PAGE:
Tuesday – April 29

Up early and it is raining. Katie is exhausted but we drag ourselves across the street to this Tibetan restaurant for breakfast. Great little place, two stories, covered with images and trinkets from Tibet. The furniture is all this brightly colored Tibetan stuff, and stuffed couches, not really a traditional restaurant. Breakfast is western, so we eat up and then head back to the hotel to bundle up in as many layers as possible. Peter takes us to the lodge at the base of the Snow Mountain, where hundreds of Chinese, all in identical red and yellow down parkas (rented for the day) are waiting. We wait, and we wait, and we wait. It is after ten and we are cold and tired. Around 10:20, we board a shuttle bus that takes us a few hundred feet up the mountain, where we wait, and wait, and wait, with the same hundreds of Chinese in parkas. We are at about 3500 meters above sea level. I am cold, tired, and on less oxygen. And my sneakers are getting wet as it continues to rain. Why are we waiting two hours to go up a mountain in the rain, when the mountain is covered in clouds and we won’t be able to see a thing??? To make matters weirder, we are surrounded by TV screens playing this almost cult like music video of some anthem to the mountain. The video was on the shuttle bus, in the waiting rooms, everywhere. For a place that outlaws religion, it seems to be putting a lot of effort into deifying this mountain experience. Apparently the gondola cannot go the summit, because that is where the gods live. Sometime after 11, we get in a gondola and are whisked up the mountain, to about 4500 meters (13,500 feet for all those who are math-challenged) above sea level. This is as high as I’ve ever been. I get off the gondola and immediately am dizzy from the altitude. It is snowing like crazy, almost white-out. Can’t see anything, it is cold, we are unprepared with the right clothing, and now feeling nauseous and dizzy. We stay long enough to take a few photos and head back down. Really disappointing. A better guide would have suggested that we do this another day and hope for better weather. I am not happy. Peter, our guide, does not seem to understand much English. He does not answer questions we ask, and does not give us much explanation of what is going on.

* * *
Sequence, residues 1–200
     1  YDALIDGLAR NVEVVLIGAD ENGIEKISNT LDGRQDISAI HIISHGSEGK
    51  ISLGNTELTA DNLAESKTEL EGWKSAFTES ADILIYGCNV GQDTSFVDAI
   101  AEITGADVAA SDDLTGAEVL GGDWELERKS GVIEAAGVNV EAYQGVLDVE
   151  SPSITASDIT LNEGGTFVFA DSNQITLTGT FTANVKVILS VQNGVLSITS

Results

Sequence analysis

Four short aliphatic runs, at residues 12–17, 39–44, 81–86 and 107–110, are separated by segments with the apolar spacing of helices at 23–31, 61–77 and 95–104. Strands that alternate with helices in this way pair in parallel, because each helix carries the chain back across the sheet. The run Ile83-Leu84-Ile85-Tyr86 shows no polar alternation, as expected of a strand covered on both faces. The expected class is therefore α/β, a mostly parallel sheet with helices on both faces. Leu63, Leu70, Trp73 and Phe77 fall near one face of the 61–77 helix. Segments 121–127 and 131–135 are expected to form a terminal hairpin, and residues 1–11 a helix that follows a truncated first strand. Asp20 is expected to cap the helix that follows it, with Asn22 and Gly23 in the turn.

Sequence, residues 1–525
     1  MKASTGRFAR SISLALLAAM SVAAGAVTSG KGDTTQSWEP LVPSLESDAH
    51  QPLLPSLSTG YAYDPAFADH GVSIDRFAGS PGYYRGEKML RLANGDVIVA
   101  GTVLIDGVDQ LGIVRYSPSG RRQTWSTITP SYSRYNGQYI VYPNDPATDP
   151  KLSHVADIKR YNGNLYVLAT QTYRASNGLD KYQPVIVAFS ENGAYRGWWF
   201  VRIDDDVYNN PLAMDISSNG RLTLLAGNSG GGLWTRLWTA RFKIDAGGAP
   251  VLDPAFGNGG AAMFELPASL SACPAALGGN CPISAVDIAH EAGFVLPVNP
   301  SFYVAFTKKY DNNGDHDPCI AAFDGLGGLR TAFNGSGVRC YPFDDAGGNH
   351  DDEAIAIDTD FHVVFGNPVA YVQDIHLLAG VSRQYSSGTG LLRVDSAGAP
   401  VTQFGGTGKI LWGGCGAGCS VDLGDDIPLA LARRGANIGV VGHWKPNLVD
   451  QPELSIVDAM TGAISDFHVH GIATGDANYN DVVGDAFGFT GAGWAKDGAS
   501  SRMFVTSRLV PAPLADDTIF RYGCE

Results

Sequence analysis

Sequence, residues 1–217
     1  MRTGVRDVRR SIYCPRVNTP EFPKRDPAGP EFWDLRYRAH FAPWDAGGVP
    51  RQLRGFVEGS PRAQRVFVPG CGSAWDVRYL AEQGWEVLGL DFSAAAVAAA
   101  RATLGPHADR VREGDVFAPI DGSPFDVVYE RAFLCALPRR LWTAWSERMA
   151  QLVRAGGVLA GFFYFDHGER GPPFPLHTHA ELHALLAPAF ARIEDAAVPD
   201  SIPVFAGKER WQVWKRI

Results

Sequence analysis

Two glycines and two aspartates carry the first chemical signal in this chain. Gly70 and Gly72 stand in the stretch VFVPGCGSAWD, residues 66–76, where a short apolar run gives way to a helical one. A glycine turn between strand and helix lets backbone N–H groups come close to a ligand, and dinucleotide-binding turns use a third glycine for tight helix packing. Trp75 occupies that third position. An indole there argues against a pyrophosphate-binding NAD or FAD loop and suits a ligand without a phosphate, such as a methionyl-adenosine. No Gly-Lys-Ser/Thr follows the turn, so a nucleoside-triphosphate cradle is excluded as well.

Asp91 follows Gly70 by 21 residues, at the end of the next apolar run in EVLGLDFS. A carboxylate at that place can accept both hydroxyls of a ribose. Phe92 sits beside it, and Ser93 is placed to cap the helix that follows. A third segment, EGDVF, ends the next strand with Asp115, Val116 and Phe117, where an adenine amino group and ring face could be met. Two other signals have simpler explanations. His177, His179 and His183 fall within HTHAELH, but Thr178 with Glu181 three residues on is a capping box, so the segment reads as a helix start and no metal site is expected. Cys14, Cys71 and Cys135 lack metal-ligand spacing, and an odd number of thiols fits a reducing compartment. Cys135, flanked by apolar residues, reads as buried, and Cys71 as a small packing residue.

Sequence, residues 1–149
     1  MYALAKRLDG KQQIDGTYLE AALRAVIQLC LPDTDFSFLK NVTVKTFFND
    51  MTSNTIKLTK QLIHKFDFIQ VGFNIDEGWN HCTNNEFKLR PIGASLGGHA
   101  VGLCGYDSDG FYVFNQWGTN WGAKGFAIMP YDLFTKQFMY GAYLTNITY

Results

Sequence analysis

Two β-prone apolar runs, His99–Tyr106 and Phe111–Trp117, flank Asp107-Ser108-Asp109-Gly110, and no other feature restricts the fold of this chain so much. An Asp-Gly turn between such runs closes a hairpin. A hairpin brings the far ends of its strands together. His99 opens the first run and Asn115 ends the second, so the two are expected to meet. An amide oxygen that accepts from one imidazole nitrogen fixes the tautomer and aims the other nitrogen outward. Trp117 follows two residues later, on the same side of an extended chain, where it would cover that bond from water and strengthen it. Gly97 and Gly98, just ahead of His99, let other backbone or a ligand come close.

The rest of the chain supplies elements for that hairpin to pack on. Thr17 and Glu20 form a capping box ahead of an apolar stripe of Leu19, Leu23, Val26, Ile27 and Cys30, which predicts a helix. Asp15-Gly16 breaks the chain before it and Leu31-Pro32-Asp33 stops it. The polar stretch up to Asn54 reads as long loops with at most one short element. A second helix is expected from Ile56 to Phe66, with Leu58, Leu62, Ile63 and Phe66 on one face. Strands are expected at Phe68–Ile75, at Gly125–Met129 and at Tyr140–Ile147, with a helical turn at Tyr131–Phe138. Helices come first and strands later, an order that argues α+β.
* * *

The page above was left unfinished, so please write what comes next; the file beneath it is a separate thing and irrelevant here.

After we thaw out, we drive to Suhe village that is full of tourist shops selling local crafts. Yunnan Province is home to 25 or so of China’s 56 ethnic minorities. This area is mostly Naxi, a matriarchal society. Many of the shopkeepers are wearing traditional clothing, some seem authentic, some, who wear them over jeans with Adidas sneakers, look a bit more contrived. The village is beautiful, despite the artificial feel to the shops. We eat lunch in front of a fire as an elderly mason puts stones around the fireplace. Peter has ordered for us and is a little too conscientious about bu la, and the lunch is actually bland. So now we say xiao la: a little spice. We head back to the hotel and the sun begins to shine, and for the first time, I begin to appreciate what a glorious setting we are in. The city is surrounded by mountains, breathtakingly beautiful snow-capped jagged peaks. Man, I wish we had done that mountaintop trek now instead of earlier in the day!! I go across the street from the hotel to the Tibetan restaurant and sit on their second story porch, order a giant pot of tea, and soak up the sun and the street scene below: women in minority costumes, Li, Miao, Bi and Naxi, are coming into the village selling vegetables or other products. The man in the shop across the street is pulling taffy, which I later learn is very potent ginger candy. I am in heaven. Even though the old village part of the city is mobbed with tourists, sitting on this roof deck, I feel apart from that and try to take in the natural environs of Lijiang. I take a walk around, trying to scope out a good restaurant, but strike out. We end up eating dinner at the Tibetan place. After dinner we walk around and lo and behold, I bump into one of my students from Renmin, a Japanese girl named Keiko. Small world! We walk further into the heart of the old village and a group of young men crank up a boom box with Tibetan music and the entire square is filled with young and old doing a Tibetan “square dance” of sorts. This is the same song and the same dance that Stephen and I danced to at the Tibetan restaurant in Beijing our first week here. There it seemed totally contrived, but here it seems more authentic. There are bars and tons of restaurants that I missed earlier. The bars are full of folks in ethnic costumes doing this whirling dervish sort of dance. Great fun! We walk to the other end of the village and see a fire burning outside a restaurant and folks standing around it, little kids are dancing to the karoke type ethnic garbed singer inside. Old women in traditional garb are chatting with family. A lovely scene. We head back to the hotel for a sleepless night. Katie has picked up a cold and is sniffling and blowing her nose all night, the heater turns off and on with a real rattling noise, and the guests in the upstairs room sound like a herd of elephants (which for some unknown reason, Stephen knows the Chinese word for – xiang - not to be confused with banana – xiang jiao). We have a good laugh trying to figure out ways he can use his new vocabulary.